Funding from the European Union, which has benefited 2,800 projects worth pound;346 million over the past six years, may disappear altogether after next year, a senior minister warned last week. And a leading expert warned that 2007 could be "hellish".
Colleges and universities have had the lion's share of the EU's objective 3 structural funds, accounting for 37 per cent of the total to run programmes aimed at improving qualifications, skills and employability.
Under the current renegotiation of the EU budget for 2007-13, support for 50 per cent of EU-funded programmes in further education would cease immediately. But Allan Wilson, Deputy Lifelong Learning Minister, said on Friday that all EU expenditure could be at risk, to be replaced with programmes dictated by the Treasury.
The greater needs of the new eastern European members have forced the rethink, and the European Commission is suggesting to ministers that the priorities should be advancing the knowledge economy, improving competitiveness and promoting sustainable development.
Graeme Hyslop, principal of Langside College in Glasgow and chair of the West of Scotland Colleges' Partnership (WoSCoP), said that colleges would subscribe to these principles but were concerned that they might exclude social inclusion programmes.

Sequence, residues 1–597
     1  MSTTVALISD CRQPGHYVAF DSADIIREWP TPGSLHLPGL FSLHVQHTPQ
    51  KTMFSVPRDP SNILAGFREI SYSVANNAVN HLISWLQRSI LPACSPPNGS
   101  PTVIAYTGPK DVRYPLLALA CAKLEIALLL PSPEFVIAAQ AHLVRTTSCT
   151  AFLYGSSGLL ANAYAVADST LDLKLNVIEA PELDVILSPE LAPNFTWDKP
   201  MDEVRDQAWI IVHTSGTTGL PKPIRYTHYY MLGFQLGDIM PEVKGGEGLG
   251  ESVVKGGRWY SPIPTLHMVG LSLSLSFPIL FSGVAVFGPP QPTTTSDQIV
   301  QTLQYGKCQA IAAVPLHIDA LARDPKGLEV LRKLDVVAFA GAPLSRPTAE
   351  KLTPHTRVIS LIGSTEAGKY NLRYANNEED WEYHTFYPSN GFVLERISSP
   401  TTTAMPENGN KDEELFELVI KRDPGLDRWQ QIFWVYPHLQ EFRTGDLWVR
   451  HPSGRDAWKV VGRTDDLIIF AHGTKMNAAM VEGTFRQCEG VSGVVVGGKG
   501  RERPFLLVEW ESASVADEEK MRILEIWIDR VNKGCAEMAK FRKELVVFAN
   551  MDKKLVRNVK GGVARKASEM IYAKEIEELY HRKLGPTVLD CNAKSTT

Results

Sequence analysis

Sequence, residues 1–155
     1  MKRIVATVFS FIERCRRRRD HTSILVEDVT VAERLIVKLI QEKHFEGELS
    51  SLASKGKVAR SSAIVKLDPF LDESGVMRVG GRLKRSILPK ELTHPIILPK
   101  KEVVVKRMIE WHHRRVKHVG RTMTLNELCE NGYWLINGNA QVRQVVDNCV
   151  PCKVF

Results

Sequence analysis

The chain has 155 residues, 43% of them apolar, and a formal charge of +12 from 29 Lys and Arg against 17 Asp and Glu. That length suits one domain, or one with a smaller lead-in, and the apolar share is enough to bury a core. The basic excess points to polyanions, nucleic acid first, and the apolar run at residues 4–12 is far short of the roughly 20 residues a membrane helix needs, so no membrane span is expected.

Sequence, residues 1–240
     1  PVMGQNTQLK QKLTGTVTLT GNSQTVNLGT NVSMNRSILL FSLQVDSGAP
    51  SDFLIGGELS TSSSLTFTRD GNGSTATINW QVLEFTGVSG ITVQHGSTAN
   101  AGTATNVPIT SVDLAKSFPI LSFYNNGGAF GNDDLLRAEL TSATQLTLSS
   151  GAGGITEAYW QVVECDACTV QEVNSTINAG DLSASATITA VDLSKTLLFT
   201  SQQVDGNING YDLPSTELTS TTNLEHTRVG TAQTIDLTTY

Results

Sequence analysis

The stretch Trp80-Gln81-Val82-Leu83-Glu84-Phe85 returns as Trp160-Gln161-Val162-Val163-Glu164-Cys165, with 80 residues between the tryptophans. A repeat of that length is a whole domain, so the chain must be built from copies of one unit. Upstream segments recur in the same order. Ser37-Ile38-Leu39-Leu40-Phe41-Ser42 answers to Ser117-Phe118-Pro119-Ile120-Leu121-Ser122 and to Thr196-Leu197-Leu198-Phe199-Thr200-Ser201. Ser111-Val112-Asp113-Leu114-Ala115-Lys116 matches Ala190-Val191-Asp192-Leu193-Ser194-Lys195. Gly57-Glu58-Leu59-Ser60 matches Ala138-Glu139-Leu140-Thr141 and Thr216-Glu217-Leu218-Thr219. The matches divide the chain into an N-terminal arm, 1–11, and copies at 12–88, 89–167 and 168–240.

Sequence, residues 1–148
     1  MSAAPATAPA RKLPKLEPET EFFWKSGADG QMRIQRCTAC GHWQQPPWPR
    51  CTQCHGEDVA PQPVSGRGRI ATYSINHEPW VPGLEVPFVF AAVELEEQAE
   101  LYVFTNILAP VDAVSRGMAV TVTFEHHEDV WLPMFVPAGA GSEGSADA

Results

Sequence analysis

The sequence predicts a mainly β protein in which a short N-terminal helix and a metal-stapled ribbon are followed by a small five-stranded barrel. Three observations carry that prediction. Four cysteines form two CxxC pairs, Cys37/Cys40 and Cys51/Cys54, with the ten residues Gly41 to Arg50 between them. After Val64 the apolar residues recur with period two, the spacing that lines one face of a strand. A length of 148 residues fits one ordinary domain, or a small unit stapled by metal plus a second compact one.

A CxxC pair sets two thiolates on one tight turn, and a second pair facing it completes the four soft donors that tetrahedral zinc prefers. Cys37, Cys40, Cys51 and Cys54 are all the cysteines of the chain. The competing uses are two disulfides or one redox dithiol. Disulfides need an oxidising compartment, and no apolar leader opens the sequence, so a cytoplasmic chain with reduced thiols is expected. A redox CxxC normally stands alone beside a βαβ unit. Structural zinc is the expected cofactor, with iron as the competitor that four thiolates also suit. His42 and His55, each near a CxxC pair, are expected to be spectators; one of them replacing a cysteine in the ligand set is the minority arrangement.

The partnership staged a special "festival of further education" last Friday, at which Mr Wilson made his comments, to showcase the difference EU college funding has made to the lives of people in the west of Scotland.
This support also included objective 2 cash under the European Regional Development Fund, which colleges have used to modernise buildings and facilities. In the 10 years to 2003, some pound;20 million was secured for west of Scotland colleges alone, representing 28 per cent of the total costs of 28 capital projects.
Mr Hyslop said at a seminar that he feared "we will hit the wall running".
He was told by Philip Raines from the Scottish Executive: "We will certainly hit the wall and of that there is no doubt. The question is whether we will be able to leap over it."
Alistair Grimes, of consultants Rocket Science UK, said that key problems usually occur during times of transition from one programme to another. "So 2007 will be hellish," Mr Grimes said, "and it is important that the transition is managed well."
The Scottish Funding Council has set up a working group to look at how the reduction can be managed. Mr Wilson revealed in his speech that the national review of FE would also investigate the issue.
But the minister sought to provide assurance by pointing out that the vast majority of expenditure in FE and HE, some 95-97 per cent, came from domestic sources.
"The Scottish Executive, together with the UK Government, is committed to maximising that expenditure," Mr Wilson said.